Thursday, February 16, 2006


Just blazed through the UK version of Simon Reynolds’ RIP IT UP AND START AGAIN, his preposterously comprehensive and readable history of the post-punk years 1978-1984. It’s freakin amazing, and all the clichés apply: I think I actually learned something new on every page. And in the case of Depeche Mode, Frankie Goes to Hollywood, Dexy’s Midnight Runners, The Human League, and ABC I learned things that I didn’t think I’d care to know, but didn't mind learning.
Ah, romance
The fastest 600 pages I’ve experienced in a long time. The book is all about velocity. The interested reader’s, but mostly that of the surge of innovation that was released when the punk wave crested and broke over the British Isles. (And Cleveland. And LA.)

Reynolds manages to balance his obvious interest in the deeper underpinnings of pop (see his blog) with thoughtful and meticulous mini-bios of all of the key bands discussed. One of the great accomplishments here is how Reynolds is able to stand up real people --- with ambitions, lusts, artistic blocks, hates, grandiose dreams, dumb-ass ideas --- behind canonical (“Love Will Tear Us Apart,” say) and near-canonical (“Mind Your Own Business”) songs that long ago shed their attachment to the corporeal world.

Though my own interest in the bands Reyolds takes on flagged considerably after about page 300 or so, just after the transitional Two-Tone bands turned the innovative spirit back to the past, it's a tribute to Reynolds' rigor and sugared-pill writing that I saw him through the pop transformations of the bands listed above. He's also got a serious Scritti Politti jones.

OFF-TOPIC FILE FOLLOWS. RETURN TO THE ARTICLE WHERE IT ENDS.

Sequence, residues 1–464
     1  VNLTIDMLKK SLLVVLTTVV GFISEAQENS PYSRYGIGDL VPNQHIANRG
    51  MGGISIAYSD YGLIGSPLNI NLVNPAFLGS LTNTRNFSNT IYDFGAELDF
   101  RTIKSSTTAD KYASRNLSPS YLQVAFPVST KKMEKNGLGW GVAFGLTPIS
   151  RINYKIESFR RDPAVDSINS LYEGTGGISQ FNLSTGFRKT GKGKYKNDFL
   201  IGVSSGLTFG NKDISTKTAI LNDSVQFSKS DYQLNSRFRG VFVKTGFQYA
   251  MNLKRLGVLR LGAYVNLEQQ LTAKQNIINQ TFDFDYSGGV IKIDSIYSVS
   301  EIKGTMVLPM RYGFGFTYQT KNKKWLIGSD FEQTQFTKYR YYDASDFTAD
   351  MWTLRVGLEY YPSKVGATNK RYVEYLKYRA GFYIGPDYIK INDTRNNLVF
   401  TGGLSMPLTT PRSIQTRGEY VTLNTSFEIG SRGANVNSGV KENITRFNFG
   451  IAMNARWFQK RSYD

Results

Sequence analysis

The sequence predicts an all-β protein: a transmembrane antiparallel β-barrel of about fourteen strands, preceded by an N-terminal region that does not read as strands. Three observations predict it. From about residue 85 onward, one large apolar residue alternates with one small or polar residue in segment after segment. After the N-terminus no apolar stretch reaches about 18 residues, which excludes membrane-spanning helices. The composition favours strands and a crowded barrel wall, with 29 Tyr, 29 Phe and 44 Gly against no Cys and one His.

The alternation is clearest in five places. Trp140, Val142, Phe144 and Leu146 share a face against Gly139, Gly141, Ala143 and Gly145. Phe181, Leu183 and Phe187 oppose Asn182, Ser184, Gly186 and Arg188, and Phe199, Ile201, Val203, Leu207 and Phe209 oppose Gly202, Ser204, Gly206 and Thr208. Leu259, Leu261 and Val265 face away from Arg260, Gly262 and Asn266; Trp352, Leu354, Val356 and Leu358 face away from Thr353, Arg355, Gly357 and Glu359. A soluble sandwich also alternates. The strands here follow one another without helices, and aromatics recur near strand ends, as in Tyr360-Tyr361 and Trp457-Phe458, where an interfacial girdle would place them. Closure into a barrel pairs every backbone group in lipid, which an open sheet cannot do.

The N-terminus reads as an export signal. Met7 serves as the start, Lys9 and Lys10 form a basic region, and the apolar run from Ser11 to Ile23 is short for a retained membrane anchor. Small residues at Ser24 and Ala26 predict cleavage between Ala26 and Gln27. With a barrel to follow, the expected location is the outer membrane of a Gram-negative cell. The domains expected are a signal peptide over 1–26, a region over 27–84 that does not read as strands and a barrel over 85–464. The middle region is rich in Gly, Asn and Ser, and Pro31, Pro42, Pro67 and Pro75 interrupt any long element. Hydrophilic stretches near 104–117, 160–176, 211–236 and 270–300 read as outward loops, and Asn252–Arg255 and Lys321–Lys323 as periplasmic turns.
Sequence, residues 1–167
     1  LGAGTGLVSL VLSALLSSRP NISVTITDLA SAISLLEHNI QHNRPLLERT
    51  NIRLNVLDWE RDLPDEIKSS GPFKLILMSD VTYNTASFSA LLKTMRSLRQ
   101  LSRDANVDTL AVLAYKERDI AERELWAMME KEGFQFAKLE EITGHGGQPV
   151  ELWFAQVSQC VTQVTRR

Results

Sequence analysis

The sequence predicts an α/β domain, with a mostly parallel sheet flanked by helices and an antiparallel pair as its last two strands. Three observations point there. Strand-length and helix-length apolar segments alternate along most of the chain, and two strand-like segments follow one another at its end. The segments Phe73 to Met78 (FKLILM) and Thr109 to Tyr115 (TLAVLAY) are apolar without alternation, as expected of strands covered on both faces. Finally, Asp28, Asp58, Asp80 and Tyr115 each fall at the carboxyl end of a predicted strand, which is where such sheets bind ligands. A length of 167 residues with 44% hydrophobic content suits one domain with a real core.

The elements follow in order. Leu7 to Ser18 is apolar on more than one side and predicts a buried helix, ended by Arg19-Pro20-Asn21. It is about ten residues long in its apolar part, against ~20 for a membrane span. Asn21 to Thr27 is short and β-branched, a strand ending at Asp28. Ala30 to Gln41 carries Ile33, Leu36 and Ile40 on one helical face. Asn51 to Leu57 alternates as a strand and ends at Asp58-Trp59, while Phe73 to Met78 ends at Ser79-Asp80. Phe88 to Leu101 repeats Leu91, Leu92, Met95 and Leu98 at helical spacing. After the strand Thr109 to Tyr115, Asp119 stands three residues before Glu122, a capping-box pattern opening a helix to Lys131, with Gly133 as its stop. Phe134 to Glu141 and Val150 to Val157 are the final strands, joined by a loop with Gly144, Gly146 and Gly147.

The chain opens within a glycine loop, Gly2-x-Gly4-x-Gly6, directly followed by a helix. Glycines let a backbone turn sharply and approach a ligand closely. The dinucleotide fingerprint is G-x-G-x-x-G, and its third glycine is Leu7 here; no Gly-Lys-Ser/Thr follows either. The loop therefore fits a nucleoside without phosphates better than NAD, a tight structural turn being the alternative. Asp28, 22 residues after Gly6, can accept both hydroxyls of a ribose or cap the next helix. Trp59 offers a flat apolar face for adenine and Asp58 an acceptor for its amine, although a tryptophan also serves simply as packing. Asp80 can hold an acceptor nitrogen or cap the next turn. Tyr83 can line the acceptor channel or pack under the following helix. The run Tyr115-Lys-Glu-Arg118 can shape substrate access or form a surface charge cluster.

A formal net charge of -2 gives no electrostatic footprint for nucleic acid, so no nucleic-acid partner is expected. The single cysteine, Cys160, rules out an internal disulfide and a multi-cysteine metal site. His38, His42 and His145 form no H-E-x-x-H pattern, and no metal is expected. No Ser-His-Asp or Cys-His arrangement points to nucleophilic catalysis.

The US edition is available later this month (tomorrow, at Amazon). Reynolds earlier blogged about the differences in the two editions, but I’ll be damned if I can find this now. The UK book is now out in a cheaper edition. His UK publisher got as far as setting into type an extensive discography, and thought better of printing an 800 page tome. Reynolds has made this available to all, online [opens, slowly, as a 26-pg PDF]; not a bad place to start for a snapshot of the territory he covers (a snapshot the size of Colorado). The book site has more, including mention of a companion CD.

And attention NYers: TMFTML has the details on an upcoming panel (28 Feb) in NYC featuring Reynolds and assorted characters from the book.


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